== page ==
(Note: This post contains spoilers for the Oct. 9 episode of “The Purge.”)
The concept behind “The Purge,” a night each year when all crime, including murder, is legal, is pretty ridiculous when you apply any logic to it. Of course, the point isn’t that the Purge makes sense — it’s a state-sponsored terror campaign designed to keep the lower classes in line.
The four films have used that theme mainly to examine American racism and classism with blantant candidness. And for much of its first season, USA’s TV addition to the series, “The Purge,” has been content to do the same.
But in its latest episode, “The Forgotten,” the show diverged from that with a chilling look at how an event like the Purge would disproportionately affect women. A year into the #MeToo era, and following the appointment of Brett Kavanaugh to the Supreme Court amid accusations of sexual assault, which he has consistently denied, “The Purge” franchise suddenly feels as relevant as it’s ever been.
The TV series has mentioned before that violence against women is a huge part of each annual Purge night. As we saw in the fourth episode of the season, “The Urge to Purge,” the problem is so bad in Los Angeles that a group of vigilante women go out each Purge night with the express purpose of saving other women who are in danger. With the lack of any sort of institutional protections, they take matters into their own hands, physically branding the faces of the men who hurt women during the Purge to mark them for the rest of the year.
Things escalate even further in “The Forgotten.” After spending two episodes trying to reach her boss to save him from the hit woman she hired, Jane (Amanda Warren) finally gets to him and explains the situation. David (Billy Baldwin), the boss Jane believes has passed her over for promotion, possibly because she rejected his passes at her, seems understanding at first — but then reveals the he’s running a secret Purge sexual assault party, and he’s going to force Jane to be a part of it.
David explains the nature of his “party”: the women are forced to participate, but there are some rules. There’s no nudity or penetration, and everything happens over clothes. There’s no murder, because “we are not animals,” he says. He notes that another woman who was promoted over Jane has excelled because she was willing to go along with David’s desires, and in fact, she’s the only woman at the party who isn’t tied up.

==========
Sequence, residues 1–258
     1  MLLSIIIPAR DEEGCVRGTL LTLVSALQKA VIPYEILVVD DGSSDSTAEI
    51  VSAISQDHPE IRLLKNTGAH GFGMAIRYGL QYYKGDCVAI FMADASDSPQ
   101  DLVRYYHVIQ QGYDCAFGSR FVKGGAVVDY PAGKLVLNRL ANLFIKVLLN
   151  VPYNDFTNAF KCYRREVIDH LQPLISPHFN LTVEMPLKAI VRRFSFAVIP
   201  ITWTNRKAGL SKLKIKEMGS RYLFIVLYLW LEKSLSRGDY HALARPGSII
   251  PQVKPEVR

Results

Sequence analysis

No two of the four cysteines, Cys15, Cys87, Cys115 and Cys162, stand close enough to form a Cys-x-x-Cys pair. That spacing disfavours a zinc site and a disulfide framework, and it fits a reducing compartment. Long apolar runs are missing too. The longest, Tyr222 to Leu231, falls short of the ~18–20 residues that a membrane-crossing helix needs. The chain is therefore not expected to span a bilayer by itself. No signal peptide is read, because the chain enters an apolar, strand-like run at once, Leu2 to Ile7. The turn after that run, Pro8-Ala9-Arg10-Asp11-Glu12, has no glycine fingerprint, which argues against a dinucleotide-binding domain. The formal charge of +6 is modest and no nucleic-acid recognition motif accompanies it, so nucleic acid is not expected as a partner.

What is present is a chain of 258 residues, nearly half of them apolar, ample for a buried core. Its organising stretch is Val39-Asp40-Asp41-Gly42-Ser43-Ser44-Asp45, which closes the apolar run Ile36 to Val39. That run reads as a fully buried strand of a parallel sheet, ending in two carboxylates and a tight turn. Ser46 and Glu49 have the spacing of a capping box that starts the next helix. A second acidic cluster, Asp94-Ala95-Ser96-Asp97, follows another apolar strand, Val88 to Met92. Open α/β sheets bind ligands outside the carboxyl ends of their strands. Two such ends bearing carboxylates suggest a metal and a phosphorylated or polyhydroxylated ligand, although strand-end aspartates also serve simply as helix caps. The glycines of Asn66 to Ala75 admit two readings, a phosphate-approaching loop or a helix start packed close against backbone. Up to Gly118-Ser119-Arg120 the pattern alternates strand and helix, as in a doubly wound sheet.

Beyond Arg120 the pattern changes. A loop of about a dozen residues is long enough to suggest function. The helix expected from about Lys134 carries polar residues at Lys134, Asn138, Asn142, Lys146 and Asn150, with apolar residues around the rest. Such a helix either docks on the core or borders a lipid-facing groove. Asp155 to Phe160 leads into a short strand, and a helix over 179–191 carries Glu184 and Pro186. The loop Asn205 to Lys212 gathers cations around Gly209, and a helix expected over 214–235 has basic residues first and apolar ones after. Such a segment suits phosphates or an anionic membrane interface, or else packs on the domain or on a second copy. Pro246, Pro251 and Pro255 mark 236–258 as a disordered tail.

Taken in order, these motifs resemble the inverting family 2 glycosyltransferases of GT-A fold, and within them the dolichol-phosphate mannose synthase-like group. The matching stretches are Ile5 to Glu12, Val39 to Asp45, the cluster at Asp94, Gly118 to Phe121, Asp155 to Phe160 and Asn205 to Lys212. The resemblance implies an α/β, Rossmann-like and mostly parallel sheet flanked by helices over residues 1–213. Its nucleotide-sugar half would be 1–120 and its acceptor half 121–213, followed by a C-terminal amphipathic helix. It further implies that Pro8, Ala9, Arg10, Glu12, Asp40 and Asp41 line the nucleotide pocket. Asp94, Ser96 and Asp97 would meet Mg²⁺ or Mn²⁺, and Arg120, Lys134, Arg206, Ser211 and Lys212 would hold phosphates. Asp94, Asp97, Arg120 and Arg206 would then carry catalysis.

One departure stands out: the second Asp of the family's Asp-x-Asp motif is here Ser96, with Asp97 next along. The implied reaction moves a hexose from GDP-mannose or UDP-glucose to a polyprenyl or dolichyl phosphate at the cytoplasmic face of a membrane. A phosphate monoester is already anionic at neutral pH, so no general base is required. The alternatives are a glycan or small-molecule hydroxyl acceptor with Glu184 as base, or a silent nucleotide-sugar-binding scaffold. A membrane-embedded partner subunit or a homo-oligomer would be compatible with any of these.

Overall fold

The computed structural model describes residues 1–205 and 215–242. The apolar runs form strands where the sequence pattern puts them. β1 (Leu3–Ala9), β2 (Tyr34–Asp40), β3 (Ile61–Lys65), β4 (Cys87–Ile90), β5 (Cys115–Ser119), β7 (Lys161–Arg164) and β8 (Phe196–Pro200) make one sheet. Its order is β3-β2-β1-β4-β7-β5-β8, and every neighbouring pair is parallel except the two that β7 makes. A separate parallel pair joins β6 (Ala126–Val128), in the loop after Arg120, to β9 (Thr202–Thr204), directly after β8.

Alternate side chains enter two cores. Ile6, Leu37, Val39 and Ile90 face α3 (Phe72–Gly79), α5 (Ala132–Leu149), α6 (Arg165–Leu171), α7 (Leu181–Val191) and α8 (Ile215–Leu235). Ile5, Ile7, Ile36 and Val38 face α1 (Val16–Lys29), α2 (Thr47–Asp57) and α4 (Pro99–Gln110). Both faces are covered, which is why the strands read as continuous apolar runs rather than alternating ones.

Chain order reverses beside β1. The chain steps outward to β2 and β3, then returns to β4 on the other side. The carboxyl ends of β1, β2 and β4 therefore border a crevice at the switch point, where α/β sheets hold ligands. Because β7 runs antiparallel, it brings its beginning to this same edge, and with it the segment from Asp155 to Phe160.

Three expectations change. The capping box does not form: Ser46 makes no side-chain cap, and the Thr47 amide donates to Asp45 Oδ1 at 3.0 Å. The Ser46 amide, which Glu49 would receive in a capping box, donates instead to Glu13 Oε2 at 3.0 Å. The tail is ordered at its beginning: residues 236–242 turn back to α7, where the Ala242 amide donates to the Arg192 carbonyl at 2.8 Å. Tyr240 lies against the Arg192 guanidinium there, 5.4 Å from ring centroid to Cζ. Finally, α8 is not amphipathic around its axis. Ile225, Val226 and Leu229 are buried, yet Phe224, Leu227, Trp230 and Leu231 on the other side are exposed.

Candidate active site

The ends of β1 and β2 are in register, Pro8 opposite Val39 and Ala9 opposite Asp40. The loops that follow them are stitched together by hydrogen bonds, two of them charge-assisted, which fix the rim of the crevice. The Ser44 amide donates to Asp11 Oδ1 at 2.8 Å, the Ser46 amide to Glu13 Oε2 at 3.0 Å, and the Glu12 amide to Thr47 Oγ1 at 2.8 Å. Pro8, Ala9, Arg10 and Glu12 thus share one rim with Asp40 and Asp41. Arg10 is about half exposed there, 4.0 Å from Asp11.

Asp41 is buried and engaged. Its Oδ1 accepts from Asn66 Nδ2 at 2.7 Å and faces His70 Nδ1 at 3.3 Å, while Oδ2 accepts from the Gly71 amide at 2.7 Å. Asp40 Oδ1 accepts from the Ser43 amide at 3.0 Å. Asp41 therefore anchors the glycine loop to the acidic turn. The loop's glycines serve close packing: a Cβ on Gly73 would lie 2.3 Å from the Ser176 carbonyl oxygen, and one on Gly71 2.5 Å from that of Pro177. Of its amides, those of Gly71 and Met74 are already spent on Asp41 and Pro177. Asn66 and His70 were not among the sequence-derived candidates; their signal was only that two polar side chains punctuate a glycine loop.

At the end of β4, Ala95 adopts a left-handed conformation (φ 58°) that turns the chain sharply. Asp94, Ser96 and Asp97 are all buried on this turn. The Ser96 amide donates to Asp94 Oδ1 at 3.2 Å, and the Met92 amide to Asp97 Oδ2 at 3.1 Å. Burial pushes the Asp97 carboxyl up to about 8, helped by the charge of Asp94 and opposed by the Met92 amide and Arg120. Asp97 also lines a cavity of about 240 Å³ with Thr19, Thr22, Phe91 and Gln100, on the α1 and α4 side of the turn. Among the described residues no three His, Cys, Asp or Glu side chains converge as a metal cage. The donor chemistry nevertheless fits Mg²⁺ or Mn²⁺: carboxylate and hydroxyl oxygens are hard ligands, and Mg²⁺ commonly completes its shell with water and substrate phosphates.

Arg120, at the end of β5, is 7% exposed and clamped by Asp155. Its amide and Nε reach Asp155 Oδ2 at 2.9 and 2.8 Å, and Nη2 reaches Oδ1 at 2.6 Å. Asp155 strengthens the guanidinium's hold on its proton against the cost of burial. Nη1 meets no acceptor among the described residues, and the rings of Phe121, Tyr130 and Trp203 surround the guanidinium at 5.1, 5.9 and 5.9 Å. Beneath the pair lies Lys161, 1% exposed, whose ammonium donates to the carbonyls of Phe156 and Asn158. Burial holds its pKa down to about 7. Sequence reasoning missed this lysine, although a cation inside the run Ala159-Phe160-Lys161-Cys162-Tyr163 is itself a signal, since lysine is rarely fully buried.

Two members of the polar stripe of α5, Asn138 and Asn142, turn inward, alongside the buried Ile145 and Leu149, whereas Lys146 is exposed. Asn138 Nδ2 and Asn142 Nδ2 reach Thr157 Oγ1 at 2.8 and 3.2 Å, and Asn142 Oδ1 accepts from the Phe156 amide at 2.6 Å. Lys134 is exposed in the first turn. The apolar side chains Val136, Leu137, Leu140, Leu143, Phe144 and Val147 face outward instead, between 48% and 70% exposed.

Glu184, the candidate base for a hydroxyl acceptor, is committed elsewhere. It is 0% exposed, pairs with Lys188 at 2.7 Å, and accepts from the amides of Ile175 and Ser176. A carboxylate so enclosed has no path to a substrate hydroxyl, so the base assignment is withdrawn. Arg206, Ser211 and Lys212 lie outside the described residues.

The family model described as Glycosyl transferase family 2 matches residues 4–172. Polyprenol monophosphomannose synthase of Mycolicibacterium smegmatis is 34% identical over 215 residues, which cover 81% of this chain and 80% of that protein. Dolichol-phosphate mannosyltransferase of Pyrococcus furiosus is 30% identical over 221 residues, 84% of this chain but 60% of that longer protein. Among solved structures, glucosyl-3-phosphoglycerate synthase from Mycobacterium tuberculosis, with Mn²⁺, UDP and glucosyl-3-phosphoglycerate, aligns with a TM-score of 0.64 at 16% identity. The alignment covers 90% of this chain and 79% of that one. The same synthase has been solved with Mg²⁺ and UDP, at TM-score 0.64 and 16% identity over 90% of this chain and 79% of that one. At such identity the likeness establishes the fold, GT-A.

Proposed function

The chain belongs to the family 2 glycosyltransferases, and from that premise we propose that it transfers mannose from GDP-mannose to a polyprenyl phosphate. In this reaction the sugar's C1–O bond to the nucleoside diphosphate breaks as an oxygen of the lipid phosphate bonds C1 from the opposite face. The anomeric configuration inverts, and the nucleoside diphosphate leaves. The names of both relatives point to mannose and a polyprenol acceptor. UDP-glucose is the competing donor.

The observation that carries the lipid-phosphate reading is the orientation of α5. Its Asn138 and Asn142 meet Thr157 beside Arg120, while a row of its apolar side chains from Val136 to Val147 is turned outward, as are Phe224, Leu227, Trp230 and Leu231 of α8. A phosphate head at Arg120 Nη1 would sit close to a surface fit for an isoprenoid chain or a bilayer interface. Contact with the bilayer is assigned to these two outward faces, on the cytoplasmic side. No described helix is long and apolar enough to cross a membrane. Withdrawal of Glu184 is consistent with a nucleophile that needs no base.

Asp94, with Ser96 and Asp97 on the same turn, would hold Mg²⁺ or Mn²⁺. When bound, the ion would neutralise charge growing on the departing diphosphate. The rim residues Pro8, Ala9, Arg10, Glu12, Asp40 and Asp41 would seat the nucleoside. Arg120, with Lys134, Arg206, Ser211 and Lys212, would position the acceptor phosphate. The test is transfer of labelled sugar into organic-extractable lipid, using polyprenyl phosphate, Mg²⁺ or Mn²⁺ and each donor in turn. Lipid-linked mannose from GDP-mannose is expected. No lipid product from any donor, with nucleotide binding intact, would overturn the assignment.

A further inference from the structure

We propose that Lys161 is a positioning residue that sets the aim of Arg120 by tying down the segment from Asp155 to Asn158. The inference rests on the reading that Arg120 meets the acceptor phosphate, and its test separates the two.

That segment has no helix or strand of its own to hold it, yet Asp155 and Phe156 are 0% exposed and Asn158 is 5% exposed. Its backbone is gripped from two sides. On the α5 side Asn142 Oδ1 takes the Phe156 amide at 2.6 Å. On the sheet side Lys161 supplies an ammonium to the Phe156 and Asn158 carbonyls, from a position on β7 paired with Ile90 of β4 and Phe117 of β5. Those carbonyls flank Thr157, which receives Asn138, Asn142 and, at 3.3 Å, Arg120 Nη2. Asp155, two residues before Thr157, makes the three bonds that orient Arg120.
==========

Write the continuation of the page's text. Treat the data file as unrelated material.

As with everything in “The Purge,” the scene is a take on viewpoints and people that really exist in America today, but this is easily the most pointed the show has been since it started. David could easily be a stand-in for any of the powerful men accused of sexual harassment and assault over the last year.
David also brings up how “PC” the nation has become, creating a situation in which, if he tells a woman, “I can’t stop thinking about you,” he could lose his company. Those are of course things men have actually said about the #MeToo movement in real life.
Of course, for women, the discussion is extremely different. As “The Handmaid’s Tale” paraphrased the author of the book on which it’s based, Margaret Atwood, “Men are afraid women will laugh at them. Women are afraid men will kill them.”
“The Purge” at its best feels like an awful, too-close version of our own world. Its characters get a once-a-year outlet to drop their social niceties — what David would call “PC” but so often is just the idea of treating other people with respect — and act how they really believe. The night of the Purge gives people like David an opportunity to make their subtext into text.
That’s the real horror “The Purge.” It imagines a world that’s the same as ours, except that one night a year, the worst of us get to drop their masks, say what they mean, and do what they fantasize about. The scary part is that we can imagine knowing the people in the show. In the current moment, in which at least some powerful abusers are finally being held accountable, the look “The Purge” takes at some of those men is all the more frightening because it feels all too real.